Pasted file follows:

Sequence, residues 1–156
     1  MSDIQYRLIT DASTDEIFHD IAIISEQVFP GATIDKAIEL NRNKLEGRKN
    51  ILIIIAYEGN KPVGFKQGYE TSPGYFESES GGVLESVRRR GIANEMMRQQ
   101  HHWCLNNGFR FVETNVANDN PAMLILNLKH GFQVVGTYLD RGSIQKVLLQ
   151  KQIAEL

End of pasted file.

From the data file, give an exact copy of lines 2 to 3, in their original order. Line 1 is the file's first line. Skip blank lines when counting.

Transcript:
     1  MSDIQYRLIT DASTDEIFHD IAIISEQVFP GATIDKAIEL NRNKLEGRKN
    51  ILIIIAYEGN KPVGFKQGYE TSPGYFESES GGVLESVRRR GIANEMMRQQ